Robert Kisteleki

RIPE Atlas API Changes

Robert Kisteleki
Contributors: Jasper den Hertog

7 min read

0 You have liked this article 0 times.

We announced earlier that the RIPE Atlas APIs will change around the end of the year. In this article we give some advice on how to make this transition.


As announced earlier on RIPE Labs, we are in the process of changing the  RIPE Atlas APIs and transitioning from version 1 (v1) to version 2 (v2). The v1 entry points have been deprecated for a while now, and we plan to remove them altogether at the end of 2016. Here, we'd like to give some assistance to our users on making changes to their programs.

Help with Some Common API Calls

Here are a few hints to convert your v1 API calls to the latest and greatest v2 calls.

We do encourage you to at least browse through the  API v2 Manual to see all the possibilities that the latest API version offers. Also note that this manual is kept up to date for all the changes and additions that are made to the API.

For the full details of the v2 API calls you can consult the API v2 Reference.

Status Checks

Status checks are the one of the simplest API calls to change. The v2 content is actually the same as the v1 content - only the URL needs to change from




Measurement results

Acquiring results from measurements have slightly different URIs, but the responses have been unchanged. Since they're lists the URIs have been changed to end in plural nouns, e.g.

has been changed into

The URI for acquiring the latest results from a measurement have been changed from


API calls that return lists

All API calls that return lists have their URLs changed from a singular noun at the end in v1 to  plural in v2 , e.g has been changed into .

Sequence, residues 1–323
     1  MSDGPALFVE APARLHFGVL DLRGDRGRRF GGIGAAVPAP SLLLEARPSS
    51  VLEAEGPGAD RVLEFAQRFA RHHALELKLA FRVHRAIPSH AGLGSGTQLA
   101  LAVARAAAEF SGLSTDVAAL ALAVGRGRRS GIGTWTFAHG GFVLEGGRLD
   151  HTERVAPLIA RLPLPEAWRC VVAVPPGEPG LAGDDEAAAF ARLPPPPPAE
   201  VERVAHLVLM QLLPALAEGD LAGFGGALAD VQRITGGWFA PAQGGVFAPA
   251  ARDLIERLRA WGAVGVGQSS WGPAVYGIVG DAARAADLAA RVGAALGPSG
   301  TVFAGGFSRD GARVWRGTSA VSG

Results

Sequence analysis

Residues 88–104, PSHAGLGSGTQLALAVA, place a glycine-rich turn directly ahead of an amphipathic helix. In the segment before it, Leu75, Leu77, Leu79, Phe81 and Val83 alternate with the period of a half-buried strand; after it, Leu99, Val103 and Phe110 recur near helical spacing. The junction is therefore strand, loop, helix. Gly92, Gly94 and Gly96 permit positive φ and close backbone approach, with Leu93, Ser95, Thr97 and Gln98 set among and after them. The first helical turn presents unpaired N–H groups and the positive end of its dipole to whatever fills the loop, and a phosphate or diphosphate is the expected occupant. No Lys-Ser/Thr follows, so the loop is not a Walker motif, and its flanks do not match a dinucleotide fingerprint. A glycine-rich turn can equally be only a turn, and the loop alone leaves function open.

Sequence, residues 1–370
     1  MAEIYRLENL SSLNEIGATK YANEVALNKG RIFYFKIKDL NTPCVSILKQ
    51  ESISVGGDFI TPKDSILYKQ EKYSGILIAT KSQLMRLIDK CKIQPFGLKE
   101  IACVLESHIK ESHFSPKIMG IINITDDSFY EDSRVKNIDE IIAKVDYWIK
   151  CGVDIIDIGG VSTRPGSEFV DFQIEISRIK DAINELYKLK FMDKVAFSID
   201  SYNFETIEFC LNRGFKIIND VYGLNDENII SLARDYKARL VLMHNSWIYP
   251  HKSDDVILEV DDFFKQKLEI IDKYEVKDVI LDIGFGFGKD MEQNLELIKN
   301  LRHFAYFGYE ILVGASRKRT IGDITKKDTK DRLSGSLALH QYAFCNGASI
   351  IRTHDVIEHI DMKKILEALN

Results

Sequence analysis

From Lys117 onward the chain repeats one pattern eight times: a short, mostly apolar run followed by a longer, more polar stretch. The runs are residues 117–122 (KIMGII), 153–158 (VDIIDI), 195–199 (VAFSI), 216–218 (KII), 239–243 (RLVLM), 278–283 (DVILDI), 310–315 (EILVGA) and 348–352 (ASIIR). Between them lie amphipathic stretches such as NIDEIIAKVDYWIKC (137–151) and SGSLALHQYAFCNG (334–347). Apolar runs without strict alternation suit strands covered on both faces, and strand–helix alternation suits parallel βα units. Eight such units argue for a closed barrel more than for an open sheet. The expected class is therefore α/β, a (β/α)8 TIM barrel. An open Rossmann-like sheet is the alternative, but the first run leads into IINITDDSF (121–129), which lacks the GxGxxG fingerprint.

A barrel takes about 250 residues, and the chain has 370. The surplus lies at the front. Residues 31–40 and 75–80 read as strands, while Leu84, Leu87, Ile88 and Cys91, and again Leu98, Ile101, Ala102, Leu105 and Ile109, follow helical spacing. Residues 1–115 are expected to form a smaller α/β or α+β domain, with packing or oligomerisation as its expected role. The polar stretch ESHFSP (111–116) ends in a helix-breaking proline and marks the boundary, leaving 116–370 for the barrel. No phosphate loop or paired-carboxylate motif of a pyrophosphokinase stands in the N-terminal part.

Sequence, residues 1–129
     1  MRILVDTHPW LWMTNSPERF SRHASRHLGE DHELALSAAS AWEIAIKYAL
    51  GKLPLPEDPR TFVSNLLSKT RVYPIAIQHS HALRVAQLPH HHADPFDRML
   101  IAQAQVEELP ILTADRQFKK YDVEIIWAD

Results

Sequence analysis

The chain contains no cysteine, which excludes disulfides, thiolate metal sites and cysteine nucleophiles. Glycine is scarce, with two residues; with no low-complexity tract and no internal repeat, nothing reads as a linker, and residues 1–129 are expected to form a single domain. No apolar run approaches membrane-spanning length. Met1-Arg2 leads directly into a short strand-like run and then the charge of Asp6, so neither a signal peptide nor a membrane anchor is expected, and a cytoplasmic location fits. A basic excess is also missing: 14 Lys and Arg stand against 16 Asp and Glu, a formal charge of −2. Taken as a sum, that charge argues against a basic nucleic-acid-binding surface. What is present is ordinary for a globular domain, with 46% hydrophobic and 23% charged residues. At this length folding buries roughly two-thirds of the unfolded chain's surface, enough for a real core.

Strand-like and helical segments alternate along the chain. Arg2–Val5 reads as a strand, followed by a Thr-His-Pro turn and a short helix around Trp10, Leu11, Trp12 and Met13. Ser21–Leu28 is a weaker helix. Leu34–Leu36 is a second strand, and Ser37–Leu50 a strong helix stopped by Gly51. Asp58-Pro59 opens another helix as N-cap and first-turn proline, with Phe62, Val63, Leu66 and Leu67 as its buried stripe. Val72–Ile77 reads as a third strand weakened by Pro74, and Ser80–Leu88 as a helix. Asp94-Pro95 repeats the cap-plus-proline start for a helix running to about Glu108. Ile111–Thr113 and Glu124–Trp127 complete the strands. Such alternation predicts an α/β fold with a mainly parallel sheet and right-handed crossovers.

Furthermore the structure of root object of the response has changed somewhat:

  • The v1 API had an object called "meta" in the root. In v2, all the metadata fields are directly declared within the root object itself. 
  • Some of the field names for metadata have changed. Most notably, "total_count" in v1 is now "count" in v2. For more details on the pagination metadata, see the next section on "Crawling Through the API vs. Probe and Measurement Archives".
  • The object that holds the data has been renamed from "objects" in v1 to "results" in v2.
"meta": {
"total_count": 19992,
"next" : "/api/v2/probe/?limit=100&offset=100",
"limit": 100,
"offset": 0,
"previous": null

has been turned into:
"total": 19992,
"next": "",
"previous": null,

Crawling Through the API vs. Probe and Measurement Archives

The pagination (i.e. the structure that's used to get the "next page" of a list of objects) in v2 is slightly different than in v1. This means you need to make minor changes to your code if you depend on fetching a number of objects. As mentioned earlier on the pagination metadata used to be stored in an object called "meta", but has been moved into the root of the response for v2. The "limit" and "offset" metadata field and query-parameters have been replaced by "page" and "page_size" fields and query-parameters. They behave somewhat differently. Read more about it in the API v2 manual .